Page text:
Women in music behind-the-scenes deserve note — and Julie Coryell, who died May 10, was a force in as author of Jazz-Rock Fusion — The People, The Music, published in 1978, and as the inspiration of her then-husband guitarist Larry Coryell starting in the ’60s.
Obituaries of Ms. Coryell call her a singer, actress and songwriter, but many jazz fans first encountered her in a framed portrait that graced the front and back covers of Lady Coryell, Larry’s breakthrough recording of 1969. The couple was also depicted in Adam and Eve-like splendor (with two children
who I assume are who are NOT their sons Julian and Murali, both of whom grew up to become guitarists) on Coryell, also released in ’69.
She managed Larry’s career for 15 years, but it is her book that may account for the most frequent citation of Julie Coryell evermore. Originally published in 1978, it comprises straightforward q&a interviews of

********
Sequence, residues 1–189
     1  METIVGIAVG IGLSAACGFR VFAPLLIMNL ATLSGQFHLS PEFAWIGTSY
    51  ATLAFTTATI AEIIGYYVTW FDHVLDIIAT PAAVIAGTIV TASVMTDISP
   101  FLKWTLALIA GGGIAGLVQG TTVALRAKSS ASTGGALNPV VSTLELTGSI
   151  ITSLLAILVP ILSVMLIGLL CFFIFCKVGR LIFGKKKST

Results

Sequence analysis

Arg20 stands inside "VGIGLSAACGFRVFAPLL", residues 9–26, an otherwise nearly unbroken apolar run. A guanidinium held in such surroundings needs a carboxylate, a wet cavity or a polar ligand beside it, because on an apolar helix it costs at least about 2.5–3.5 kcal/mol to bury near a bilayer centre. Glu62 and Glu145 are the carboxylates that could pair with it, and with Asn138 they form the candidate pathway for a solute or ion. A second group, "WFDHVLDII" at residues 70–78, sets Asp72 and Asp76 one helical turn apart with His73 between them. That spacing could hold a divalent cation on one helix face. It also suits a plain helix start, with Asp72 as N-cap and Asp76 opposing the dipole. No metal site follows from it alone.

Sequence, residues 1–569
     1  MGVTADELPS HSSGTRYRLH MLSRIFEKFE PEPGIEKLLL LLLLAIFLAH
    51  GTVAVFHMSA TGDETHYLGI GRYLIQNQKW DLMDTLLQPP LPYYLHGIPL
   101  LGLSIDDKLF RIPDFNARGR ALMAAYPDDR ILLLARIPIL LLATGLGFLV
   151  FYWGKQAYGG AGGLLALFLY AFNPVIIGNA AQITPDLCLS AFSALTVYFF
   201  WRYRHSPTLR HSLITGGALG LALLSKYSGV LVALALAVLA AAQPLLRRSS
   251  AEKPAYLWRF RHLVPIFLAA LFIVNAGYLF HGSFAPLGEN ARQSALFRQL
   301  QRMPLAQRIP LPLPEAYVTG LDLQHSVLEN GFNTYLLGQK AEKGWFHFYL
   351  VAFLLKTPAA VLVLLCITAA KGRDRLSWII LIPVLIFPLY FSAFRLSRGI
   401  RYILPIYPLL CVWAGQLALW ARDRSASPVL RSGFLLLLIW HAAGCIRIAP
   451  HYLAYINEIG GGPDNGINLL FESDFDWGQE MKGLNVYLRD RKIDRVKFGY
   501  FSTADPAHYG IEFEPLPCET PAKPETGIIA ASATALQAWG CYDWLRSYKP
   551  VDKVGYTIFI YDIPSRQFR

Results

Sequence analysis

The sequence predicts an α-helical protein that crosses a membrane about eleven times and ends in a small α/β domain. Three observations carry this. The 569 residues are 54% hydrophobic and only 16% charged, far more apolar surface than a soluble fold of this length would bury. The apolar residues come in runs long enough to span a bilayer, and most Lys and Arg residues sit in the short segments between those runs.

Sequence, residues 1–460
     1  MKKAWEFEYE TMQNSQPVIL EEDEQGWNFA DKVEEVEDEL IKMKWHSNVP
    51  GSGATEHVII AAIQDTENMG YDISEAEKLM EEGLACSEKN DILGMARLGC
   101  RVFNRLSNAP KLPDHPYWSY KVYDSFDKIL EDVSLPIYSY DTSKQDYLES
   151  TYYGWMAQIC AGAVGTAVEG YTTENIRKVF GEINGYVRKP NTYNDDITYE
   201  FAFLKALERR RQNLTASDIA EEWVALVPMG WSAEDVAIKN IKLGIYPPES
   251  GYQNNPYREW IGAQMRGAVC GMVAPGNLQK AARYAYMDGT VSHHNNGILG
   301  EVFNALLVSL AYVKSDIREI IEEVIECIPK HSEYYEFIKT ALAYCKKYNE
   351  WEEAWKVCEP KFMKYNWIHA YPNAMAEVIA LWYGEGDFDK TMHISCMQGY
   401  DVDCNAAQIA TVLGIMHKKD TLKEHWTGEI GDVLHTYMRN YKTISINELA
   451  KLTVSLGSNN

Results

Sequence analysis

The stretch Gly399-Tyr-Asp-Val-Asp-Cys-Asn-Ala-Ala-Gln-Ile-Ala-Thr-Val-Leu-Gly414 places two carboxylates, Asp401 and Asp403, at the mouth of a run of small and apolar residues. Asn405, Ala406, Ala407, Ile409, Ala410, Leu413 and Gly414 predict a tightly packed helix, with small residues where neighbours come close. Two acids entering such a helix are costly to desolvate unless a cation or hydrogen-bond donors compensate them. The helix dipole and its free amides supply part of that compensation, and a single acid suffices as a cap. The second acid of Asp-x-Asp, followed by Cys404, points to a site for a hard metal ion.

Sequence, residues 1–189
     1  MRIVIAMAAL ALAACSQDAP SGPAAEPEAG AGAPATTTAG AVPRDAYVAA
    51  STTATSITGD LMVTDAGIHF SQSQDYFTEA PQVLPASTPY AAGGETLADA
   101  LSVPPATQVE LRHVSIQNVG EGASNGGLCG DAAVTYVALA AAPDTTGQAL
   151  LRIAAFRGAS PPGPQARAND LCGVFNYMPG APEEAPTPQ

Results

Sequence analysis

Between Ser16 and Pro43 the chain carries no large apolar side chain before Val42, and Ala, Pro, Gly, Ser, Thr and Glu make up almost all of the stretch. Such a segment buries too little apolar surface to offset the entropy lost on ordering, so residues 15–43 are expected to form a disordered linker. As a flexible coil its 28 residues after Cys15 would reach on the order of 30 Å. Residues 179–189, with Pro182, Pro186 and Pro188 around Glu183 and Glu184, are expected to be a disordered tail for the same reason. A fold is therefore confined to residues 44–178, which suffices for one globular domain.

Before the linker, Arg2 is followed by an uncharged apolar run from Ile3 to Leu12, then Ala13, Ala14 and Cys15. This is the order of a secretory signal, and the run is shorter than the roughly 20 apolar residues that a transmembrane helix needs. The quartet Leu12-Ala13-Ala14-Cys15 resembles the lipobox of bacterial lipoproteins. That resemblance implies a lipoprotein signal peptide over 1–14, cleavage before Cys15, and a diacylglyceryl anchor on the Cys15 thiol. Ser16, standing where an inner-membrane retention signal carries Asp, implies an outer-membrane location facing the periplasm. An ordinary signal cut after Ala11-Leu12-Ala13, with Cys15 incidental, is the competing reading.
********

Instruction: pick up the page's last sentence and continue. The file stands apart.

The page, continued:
26 58musicians, including Miles Davis (during the period in which he was in deep seclusion), drummer Tony Williams, electric bassist Jaco Pastorius and guitarists John Abercrombie, Joe Beck, George Benson, Philip Catherine, Larry Coryell (surprise!) and Al di Meola. Up close and personal photos of the interviewees by Laura Friedman enhanced the large format of the first edition. Jazz-Rock Fusion was reissued, slightly smaller, in 2000 with Julie’s new introduction, but it seems to have gone out of print again; used copies are going for $41 and up.
Ms. Coryell moved to Woodstock in 1986, where she founded the Woodstock Experimental Writers Theater. She had been living in a nursing home, but according to an email from her son Murali she died “suddenly” — which I gather means unexpectedly. Funeral services are being held Tuesday, May 19.
It is not at all uncommon for women who live with jazz musicians to take a firm hand in their men’s careers, to raise children with them and to pursue their own professional interests, too. Julie Coryell seems to have exemplified this model, and fusion fans as well as future researchers should be grateful that she — like Laurie Pepper, Sue Graham Mingus, Martha Weaver (widow of Louis Jordan) and a few others — have published works that shed light on music and musicians from their unique, insightful perspectives.